West Virginia head football coach Neal Brown had a lot of observations after his team’s first loss on Saturday, but it all boiled down to one thesis: building this program is an ongoing process.
The Mountaineers looked rough against the Missouri Tigers. Instead of improving on their lack-luster rushing performance, they repeated it this week with just 30 yards. Rather than maintaining their turnover-free streak from the previous week, they threw a trio of interceptions. Penalties, missed blocks and tackles, plus a slow offensive day all led to a lop-sided loss to Mizzou.
Looking at all that, it’s easy to get frustrated with the state of West Virginia football. But with an all-new coaching staff and nearly an all-new roster, it’s part of the “climb.”
“We’re a work in progress,” Brown said after the loss. “I’ve been saying that, really, since I got here. And that’s not negative, that’s what it is. That’s where we’re at.”
That’s not to say that Coach Brown is making excuses for the loss. He says he is disappointed in his team’s play, but he’s not giving up hope.
“Now this is key…I’m very disappointed in our performance, but I’m not discouraged,” Brown said. “And I want that to be heard loud and clear.”
With a scoreline like 38-7, positive takeaways can be hard to come by — but they are there. For one, Brown praised his defense and the way they improved after halftime.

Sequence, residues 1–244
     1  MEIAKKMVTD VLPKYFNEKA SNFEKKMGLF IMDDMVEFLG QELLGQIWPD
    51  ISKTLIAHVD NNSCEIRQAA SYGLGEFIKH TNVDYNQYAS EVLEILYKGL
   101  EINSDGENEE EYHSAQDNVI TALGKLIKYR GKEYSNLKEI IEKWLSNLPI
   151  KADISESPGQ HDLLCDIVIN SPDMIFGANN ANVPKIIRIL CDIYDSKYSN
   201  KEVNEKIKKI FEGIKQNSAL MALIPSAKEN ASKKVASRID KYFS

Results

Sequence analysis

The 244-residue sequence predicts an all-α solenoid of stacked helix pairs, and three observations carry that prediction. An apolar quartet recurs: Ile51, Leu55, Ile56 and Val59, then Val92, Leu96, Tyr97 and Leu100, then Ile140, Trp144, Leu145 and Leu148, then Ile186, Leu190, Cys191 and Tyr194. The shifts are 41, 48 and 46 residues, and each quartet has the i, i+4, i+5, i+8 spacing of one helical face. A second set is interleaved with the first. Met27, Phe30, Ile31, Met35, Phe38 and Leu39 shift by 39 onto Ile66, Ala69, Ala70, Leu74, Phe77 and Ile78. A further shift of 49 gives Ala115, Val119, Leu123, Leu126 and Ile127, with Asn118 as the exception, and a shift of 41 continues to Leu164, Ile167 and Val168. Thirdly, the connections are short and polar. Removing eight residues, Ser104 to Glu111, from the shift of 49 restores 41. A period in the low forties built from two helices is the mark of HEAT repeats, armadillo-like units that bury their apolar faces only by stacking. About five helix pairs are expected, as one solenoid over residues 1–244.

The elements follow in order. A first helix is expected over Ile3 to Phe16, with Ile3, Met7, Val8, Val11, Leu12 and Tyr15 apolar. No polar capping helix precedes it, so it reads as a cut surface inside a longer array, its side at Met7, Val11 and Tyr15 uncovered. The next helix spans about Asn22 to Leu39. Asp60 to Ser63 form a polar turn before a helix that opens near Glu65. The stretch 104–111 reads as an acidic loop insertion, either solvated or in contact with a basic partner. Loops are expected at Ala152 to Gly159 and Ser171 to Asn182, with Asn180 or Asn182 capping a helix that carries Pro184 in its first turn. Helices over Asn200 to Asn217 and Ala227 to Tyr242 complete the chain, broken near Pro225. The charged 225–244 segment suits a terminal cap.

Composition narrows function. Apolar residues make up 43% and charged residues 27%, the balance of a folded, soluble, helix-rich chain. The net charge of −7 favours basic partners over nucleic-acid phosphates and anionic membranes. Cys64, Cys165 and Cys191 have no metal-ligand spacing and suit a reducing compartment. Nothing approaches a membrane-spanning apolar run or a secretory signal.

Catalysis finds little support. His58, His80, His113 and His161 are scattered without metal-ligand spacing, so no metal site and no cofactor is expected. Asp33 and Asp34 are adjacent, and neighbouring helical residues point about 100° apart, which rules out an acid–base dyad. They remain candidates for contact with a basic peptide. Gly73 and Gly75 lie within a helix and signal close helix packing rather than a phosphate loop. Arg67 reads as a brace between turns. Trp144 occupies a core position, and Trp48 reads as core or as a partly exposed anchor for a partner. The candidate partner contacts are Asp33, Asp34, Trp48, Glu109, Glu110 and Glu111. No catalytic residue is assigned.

“We had a nice discussion at halftime,” Brown said, “and I thought they came out…in the second half on defense and special teams, I thought our guys really competed.”
There was a noticeable difference in the Mountaineer defense in the second half. For one, they didn’t give up a single point (the only Tigers score came from their defense). On top of that, the stats show that they were able to manifestly slow the Tiger offense — Mizzou put together 274 yards of offense in the first half, but just 108 in the second.
Offensively, though, Brown says they were a “mess until the fourth quarter.” Having gained a total of -5 (yes, that’s a negative) rushing yards in the first three quarters, it may be hard to disagree with that assessment. Much of that struggle, he says, comes from the situations that opposing defenses are creating, and his offense hasn’t been able to respond accordingly.
“[Forcing one-on-one situations] is what people are doing. That’s what they’ve done the last two weeks, that’s what next week’s opponent is gonna do,” he said. “They’re gonna make us win one-on-ones, and we haven’t done that, and it was exposed in a bad way today.”
Ultimately, the biggest takeaway from today’s game won’t come immediately.
“This is the first real adversity that we’ve had. This is the first loss we’ve had, this is the first time we’ve really been beat from a physical standpoint,” Brown said. “Now the question is, ‘what are we made of, and where do we go from here?'”
The answer to that, he says, only time will tell — but before it does, they’re looking forward to this week of practice and next week’s game against N.C. State.